The future of O3D

Monday, May 3, 2010 | 6:40 PM

We launched the O3D API about a year ago to start a discussion within the web community about establishing a new standard for 3D graphics on the web. Since then, we’ve also helped develop WebGL, a 3D graphics API based on OpenGL ES 2.0 that has gradually emerged as a standard, and is supported by other browser and hardware vendors like Mozilla, Apple and Opera.

At Google, we’re deeply committed to implementing and advancing standards, so as of today, the O3D project is changing direction, evolving from its current plug-in implementation into a JavaScript library that runs on top of WebGL. Users and developers will still be able to download the O3D plug-in and source code for at least one year, but other than a maintenance release, we plan to stop developing O3D as a plug-in and focus on improving WebGL and O3D as a JavaScript library.

We did not take this decision lightly. In initial discussions we had about WebGL, we were concerned that JavaScript would be too slow to drive a low-level API like OpenGL and we were convinced that a higher level approach like the O3D scene graph would yield better results. We were also cognizant of the lack of installed OpenGL drivers on many Windows machines, and that this could hamper WebGL’s adoption.

Since then, JavaScript has become a lot faster. We've been very impressed by the demos that developers have created with WebGL, and with the ANGLE project, we believe that Chromium will be able to run WebGL content on Windows computers without having to rely on installed OpenGL drivers.

The JavaScript implementation of O3D is still in its infancy, but you can find a copy of it on the O3D project site and see it running some of the O3D samples from a WebGL enabled browser (alas, no Beach Demo yet). Because browsers lack some requisite functionality like compressed asset loading, not all the features of O3D can be implemented purely in JavaScript. We plan to work to give the browser this functionality, and all capabilities necessary for delivering high-quality 3D content.

We’d like to thank the developers who have contributed to O3D by delivering valuable feedback, submitting changes to the plugin and developing applications. To help you convert your application to the new WebGL implementation of O3D, we will keep our discussion group open where our engineering team will answer your questions and provide you with technical advice. For those of you concerned about support for Internet Explorer, we’ll recommend using Google Chrome Frame once it supports WebGL, and hope to see IE implement WebGL natively someday. We hope you will continue working with us and the rest of the WebGL community on moving 3D on the web forward.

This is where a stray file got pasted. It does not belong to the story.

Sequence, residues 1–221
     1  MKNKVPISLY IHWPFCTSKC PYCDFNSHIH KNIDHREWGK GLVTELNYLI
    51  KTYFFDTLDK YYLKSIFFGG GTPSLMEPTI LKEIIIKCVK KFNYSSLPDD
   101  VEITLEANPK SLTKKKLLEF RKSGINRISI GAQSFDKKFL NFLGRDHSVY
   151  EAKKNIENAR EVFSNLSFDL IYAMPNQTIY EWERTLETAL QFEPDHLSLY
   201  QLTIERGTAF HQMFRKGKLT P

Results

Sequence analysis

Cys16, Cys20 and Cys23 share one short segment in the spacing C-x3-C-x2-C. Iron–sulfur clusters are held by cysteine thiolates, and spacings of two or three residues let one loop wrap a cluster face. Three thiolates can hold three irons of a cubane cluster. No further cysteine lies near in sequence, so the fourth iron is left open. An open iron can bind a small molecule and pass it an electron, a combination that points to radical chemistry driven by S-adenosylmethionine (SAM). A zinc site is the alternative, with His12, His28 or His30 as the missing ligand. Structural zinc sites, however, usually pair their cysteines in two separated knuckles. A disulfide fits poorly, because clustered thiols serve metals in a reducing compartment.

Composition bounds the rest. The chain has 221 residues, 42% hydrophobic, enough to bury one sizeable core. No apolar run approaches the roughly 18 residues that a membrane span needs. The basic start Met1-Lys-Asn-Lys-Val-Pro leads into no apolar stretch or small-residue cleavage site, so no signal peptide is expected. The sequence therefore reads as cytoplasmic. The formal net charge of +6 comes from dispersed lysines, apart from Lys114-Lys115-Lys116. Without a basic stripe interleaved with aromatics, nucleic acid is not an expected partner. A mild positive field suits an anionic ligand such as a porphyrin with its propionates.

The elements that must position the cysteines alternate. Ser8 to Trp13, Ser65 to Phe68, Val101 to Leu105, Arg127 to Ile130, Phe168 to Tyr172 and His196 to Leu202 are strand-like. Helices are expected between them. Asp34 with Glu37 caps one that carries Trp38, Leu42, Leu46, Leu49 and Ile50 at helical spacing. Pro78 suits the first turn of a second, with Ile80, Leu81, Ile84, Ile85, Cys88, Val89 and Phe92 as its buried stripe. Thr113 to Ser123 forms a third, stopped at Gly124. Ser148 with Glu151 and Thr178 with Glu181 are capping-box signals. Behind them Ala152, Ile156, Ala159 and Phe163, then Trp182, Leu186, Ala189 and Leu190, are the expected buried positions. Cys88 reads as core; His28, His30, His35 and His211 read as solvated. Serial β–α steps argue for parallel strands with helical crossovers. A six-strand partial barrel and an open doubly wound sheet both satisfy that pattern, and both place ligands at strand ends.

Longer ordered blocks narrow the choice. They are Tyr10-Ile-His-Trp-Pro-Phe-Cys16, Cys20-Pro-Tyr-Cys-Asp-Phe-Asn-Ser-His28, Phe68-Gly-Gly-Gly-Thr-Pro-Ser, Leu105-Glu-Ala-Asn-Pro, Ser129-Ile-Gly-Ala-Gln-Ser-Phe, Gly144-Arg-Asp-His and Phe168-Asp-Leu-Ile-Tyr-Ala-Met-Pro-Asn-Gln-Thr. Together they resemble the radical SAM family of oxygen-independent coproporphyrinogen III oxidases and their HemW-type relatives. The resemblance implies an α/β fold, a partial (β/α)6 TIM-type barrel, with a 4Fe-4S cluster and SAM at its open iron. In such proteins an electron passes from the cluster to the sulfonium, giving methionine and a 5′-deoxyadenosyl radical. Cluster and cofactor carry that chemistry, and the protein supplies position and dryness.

In the future, we will not be posting to the O3D blog. For updates on O3D and the 3D web, please subscribe to the Chromium blog.

Posted by Matt Papakipos, Engineering Director, and Vangelis Kokkevis, Software Engineer

8 comments:

Gavin said...

I think 3D is going to always need a retained mode API as well as an immediate mode system. Maybe with http://code.google.com/p/nativeclient/, we can have our scene graph O3D cake and eat it, too! Keep up the great work.

pl4n3 said...

O3D plugin technology is/was great, but WebGL has brighter prospects, imo. So this is a good step.

CyberQat said...

This is an excellent direction. It gets O3D into a much wider audience... all HTML5 supporting browsers.

I cant wait to run my O3D app on my ipad!

yopyop said...

While I agree on the long term direction, I think it is way too early to drop O3D as a plug-in right now.

Not only WebGL is far to be available in a large market share of the available released browsers, but a lot of issues are still to be resolved to make it as relevant/powerful as plug-ins such as Unity and Shiva (or the now abandoned O3D plug-in) as mentioned in this message "Because browsers lack some requisite functionality.. "

O3D as a plug-in should be maintained and exist to help content developer to create content today, and O3D as a javascrip/WebGL engine should be developed in parallel, with the mindset to help today content developers to migrate to this new technology when available and all browser issues have been resolved.

As it stand, an O3D javascript WebGL project without existing plug-in based content is not much different than existing open source projects such as SceneJS (http://www.scenejs.org/) and plenty other. I would rather see the O3D/Google team reach out to those existing opensource project, rather than creating another project.

B.J. said...

I agree with yopyop.
Some type of marriage of O3D and WebGL is no surprise.
But the timing is a bit of a surprise considering the fact O3D is supported in IE and that O3D is in a more mature state of development than WebGL.
O3D has had the potential to make 3D content for the web more mainstream more quickly.
Google Frame development/support will also be vital to windows desktop applications which incorporate/use IE and wish to include/support O3D/WebGL.

育德 said...

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Michael said...

agree with yopyop

WebGL seems far to be available,O3D plug-in should live a long life

greg said...

I m also disapointed about this choice ...
And I would like to know if Google will keep alive 1 url to the COMPLETE O3D maintenance plugin setup, because current setup is not 1 full package, it performs 1 download during installation ...